The idea of creating a laborious business plan meant two things. For one, I needed to find the extra time to sit down and do it and then if by some miraculous chance I found the time; I would need to overcome paralysis at the thought of working through the million minuscule details of what it would take to accomplish each goal. And, whether I fall short or exceed expectations of myself, there will still be that moment where my inner critic will take over. The goal was either too big so therefore I wasn’t good enough, or too small, stifling my potential of what might have been possible, had I not put a cap on it. Attitude adjustment? Yes, I needed one. But, I also knew I needed something different. On my quest to remotivate and find meaning again, I decided to take a less traditional approach.
It was the confinement of the traditional plan that held me back. Don’t get me wrong, I can appreciate a good old fashioned business plan–something is better than nothing– but I had to seriously take a second look. The heavy focus on formulas, numbers, and tracking of numbers over the past few years has taken its toll on me. There’s nothing wrong with being motivated by numbers, we need to know and understand them in order to run a business. Some of the most successful people I know are most motivated by watching the rise and fall of numbers every month. However, I believe most traditional business plans are missing a creative element, a place where we can dig a little deeper and learn more. Coming out of tougher times, we find ourselves SO number and money focused that we lose sight of understanding the motivation and meaning behind our work. Maybe we even realize we aren’t having fun anymore.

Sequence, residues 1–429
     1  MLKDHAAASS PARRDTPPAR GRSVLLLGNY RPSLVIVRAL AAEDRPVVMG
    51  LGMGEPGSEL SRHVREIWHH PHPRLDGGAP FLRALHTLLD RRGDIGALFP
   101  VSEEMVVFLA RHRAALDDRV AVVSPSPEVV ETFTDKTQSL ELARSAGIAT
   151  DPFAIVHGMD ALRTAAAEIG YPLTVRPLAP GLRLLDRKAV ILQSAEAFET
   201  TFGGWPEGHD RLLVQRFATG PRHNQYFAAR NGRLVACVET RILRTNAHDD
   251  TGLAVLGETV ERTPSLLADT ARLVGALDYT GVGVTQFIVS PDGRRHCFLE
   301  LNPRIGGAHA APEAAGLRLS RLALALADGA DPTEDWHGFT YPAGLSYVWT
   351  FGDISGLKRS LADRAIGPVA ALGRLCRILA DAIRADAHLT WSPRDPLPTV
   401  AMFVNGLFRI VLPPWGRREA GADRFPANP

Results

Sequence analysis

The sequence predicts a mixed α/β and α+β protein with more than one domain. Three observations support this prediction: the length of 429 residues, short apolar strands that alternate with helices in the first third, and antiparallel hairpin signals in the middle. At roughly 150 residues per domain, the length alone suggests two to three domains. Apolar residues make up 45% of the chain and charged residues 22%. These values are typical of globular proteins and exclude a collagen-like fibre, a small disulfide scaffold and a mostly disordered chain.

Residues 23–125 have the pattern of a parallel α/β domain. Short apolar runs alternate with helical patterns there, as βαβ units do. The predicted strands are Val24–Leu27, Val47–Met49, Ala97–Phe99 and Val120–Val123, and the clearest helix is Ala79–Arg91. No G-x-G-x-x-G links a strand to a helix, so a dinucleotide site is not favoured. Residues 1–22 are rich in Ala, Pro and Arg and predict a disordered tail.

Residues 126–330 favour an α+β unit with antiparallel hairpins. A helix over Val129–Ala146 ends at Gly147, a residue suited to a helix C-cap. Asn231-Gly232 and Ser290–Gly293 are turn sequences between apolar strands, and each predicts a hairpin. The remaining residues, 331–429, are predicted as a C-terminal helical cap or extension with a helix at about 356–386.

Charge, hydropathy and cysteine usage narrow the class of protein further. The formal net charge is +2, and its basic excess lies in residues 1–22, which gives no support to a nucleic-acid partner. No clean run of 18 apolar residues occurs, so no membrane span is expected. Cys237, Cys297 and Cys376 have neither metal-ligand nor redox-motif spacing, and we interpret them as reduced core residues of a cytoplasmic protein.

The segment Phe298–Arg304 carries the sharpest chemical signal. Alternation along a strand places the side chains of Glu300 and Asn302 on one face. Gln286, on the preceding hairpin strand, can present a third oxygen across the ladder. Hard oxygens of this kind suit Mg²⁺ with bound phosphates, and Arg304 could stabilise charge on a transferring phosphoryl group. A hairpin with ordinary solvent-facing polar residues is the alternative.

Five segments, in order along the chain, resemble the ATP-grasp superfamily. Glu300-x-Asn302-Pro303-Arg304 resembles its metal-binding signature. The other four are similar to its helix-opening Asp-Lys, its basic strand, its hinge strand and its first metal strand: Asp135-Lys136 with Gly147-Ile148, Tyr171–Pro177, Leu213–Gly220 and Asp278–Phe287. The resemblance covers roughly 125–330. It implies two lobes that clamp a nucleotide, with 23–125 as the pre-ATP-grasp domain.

In this business, minutes turn into hours which turn into days which turn into years, often before we gain consciousness. And when I hear myself say “you don’t have time to stop and check-in…getting through what’s right in front of you has proven to be enough…maybe next month,” it doesn’t end well. Before I know it I have zero awareness that my best month was LAST June, yet I can’t remember the last time I took a day for myself. I realize my motivation has diminished, the love for my work lost and I can’t even recall why I was ever any good at it.
Over a long period of time, operating unaware, I run risk of experiencing the insidious side effects: discontentment professionally or personally, sometimes both. And then along comes the long term stress induced symptoms, both physical and mental, taking its toll on my overall health and wellness. I don’t want to find myself here and not know how it happened.
Last week, Ava inspired me in this process of rediscovery. In Kindergarten, she is building a journal for the year titled “I Can” documenting the things she can do. This week she wrote and illustrated a story about how she can ride a bike. Without oversimplifying, I believe there is something to learn from taking inventory of what I can do. Most of my can do’s include my strengths and translate to what I am enjoying most—a good exercise in understanding more about what I need and what I want. All too often, this valuable information is held hostage to the busyness of life.
If you are still in business, you’re doing something right. And, let’s be honest—it hasn’t been ponies and rainbows these past few years, so congratulations! Survival is supposed to feel good and our work should be rewarding, right? If you’re smirking right now and struggling to recall the last time this was you–maybe it’s time to take a closer look. When you overcome the temptation to look beyond yourself for the answer, it becomes clear what you’ve known all along.